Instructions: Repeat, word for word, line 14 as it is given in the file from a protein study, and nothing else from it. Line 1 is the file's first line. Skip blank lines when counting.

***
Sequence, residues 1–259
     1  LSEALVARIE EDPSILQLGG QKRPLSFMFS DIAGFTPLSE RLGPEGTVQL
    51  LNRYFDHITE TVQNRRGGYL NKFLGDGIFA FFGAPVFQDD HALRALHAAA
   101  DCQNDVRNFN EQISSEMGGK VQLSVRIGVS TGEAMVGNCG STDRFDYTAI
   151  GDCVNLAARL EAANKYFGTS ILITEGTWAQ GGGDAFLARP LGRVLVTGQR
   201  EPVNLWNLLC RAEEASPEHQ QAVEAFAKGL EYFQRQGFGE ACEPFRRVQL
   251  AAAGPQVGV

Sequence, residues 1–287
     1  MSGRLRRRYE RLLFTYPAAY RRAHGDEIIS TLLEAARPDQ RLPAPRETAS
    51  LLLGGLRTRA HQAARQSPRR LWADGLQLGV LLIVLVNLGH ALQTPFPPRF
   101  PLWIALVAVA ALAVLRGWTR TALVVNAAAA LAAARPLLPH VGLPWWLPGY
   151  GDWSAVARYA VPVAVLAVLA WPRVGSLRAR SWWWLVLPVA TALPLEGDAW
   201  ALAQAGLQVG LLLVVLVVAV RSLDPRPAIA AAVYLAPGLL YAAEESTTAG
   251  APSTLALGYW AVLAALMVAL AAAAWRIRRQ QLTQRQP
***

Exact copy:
   251  APSTLALGYW AVLAALMVAL AAAAWRIRRQ QLTQRQP